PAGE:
Chapter 1: Introduction
1.1 Background of the Study
People are social beings and language barriers do not limit their interactions. Various technologies have been developed to facilitate communication among people all over the world. Globalization has increased demand for second language to enable people realize full benefits from it. It is indisputable that in the new millennium English has become the most demanded international language. The necessity to use English in the modern world is evident everywhere. In various places of the world parents are sending children to bilingual schools or emersion pre-schools to provide them with a head start of learning English language.
1.2 Childhood Second Language Acquisition
Acquiring language at a tender age is a natural process which results from prolonged exposure to a certain language. Whereas the written language has to be taught to the children, a spoken one does not need to be taught formally to children. Every kid develops a fluent language if consistent exposure is made within a social setting. In this case, the child is not limited to understanding one language, but may acquire a native fluency in as many languages as he/she is exposed to. However, the natural ability to develop an understanding of a spoken language diminishes sharply as one approaches puberty. Beyond this age, acquiring new language requires deliberate effort. In essence, the exposure to a new language in teenage results in a definite interference with the language or languages learnt earlier.
1.3 Adulthood Second Language Acquisition
In adulthood language acquisition is a learning process. The process is deliberate, intellectual, painful, and hardly leads to a total native-like fluency compared to those who acquire it when young. This deficiency is more evident if learning is made at phonetic level. In this case, the adult who acquires a second language usually speaks it with some non-native accents.
Second language acquisition does not necessarily mean acquiring the second language, rather, it means acquiring any other language in addition to the ones already known. The fist language is not a barrier for second language acquisition (Ellis, 1994). This is because children are able to acquire the second, third, or any other number of languages as long as they are exposed to them early enough. Therefore, maturity and age determine the ease of acquiring the second language as opposed to the first language.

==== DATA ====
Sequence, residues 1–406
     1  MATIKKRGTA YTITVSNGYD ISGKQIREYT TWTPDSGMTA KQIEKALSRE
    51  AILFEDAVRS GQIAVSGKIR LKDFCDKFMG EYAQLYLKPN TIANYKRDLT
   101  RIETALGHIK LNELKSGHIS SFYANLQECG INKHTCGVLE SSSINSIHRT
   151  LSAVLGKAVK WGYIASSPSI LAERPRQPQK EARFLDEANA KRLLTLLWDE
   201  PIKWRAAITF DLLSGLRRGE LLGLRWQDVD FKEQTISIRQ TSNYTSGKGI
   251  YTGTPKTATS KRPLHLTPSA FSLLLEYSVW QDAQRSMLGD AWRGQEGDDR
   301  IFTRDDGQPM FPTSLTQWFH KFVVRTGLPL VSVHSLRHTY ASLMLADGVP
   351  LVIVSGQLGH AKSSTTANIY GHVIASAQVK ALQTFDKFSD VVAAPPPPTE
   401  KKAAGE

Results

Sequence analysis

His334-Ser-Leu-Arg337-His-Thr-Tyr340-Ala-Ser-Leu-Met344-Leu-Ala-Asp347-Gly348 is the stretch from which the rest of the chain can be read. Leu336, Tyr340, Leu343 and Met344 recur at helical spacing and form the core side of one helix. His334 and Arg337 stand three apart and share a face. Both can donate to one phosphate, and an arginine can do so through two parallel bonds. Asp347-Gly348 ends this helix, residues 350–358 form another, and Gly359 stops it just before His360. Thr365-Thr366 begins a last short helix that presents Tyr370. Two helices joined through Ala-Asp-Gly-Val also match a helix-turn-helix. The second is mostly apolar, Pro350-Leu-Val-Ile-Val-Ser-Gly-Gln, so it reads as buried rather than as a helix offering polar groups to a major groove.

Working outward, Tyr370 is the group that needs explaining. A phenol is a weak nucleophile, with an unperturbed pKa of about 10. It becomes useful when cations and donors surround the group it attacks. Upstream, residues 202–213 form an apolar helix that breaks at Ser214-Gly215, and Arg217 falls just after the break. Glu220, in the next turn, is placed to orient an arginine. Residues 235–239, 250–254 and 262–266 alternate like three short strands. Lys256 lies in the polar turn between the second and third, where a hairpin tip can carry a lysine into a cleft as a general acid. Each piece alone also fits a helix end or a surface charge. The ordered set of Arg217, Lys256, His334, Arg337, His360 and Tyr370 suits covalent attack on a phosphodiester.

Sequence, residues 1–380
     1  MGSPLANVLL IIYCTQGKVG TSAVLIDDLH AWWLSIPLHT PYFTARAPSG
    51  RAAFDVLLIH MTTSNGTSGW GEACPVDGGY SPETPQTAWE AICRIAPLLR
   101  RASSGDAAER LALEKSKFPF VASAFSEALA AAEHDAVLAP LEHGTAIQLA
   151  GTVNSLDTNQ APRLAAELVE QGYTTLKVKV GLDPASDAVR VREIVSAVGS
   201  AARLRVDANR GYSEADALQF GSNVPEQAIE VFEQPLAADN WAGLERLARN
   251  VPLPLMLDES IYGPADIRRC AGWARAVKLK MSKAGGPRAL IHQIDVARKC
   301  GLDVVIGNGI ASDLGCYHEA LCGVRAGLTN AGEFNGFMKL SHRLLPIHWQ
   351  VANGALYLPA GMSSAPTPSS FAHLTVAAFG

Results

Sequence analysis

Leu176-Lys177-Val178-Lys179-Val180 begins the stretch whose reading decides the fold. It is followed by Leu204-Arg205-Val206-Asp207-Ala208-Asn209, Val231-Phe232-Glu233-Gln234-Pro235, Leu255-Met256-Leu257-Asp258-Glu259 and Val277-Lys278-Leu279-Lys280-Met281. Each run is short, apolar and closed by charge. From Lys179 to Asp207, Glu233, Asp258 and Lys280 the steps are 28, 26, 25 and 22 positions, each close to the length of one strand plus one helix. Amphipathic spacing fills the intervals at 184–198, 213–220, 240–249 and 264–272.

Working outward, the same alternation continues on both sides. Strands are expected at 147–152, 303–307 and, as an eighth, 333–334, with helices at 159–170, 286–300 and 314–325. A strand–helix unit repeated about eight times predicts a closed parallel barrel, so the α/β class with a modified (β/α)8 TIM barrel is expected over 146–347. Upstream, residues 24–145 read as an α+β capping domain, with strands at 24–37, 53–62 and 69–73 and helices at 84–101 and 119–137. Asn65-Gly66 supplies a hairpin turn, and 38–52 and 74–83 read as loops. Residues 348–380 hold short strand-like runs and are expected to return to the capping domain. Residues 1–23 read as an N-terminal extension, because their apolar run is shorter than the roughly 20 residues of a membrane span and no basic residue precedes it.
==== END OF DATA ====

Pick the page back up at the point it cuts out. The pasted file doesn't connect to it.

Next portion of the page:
1.4 Learning and Teaching English
There are different methods used in teaching. Some of them include use of lectures, brainstorming, panel of experts, class discussion, videotapes, role-playing, and inviting guest speakers among others. Different institutions use different modes of instructions. These modes include: peer teaching, case studies, class instructions, journal articles, and textbooks among others. The mode used depends on the nature of material being taught. Use of peer teaching in second language acquisition has a widespread use.
The appropriate teaching technique to be used should depend on student’s learning style for better understanding. Generally, there are three major learning styles. A learning style refers to the preferred method by which an individual learns and remembers what he learnt. One of the learning styles is the visual style. In this case, the learner is able to remember whatever he read or learnt by creating mental pictures of what he experienced. Such individuals learn easily by seeing and their memory is attached to a strong visual association. Use of peer teaching among these learners proves to be very helpful because proper use of demonstrations is made.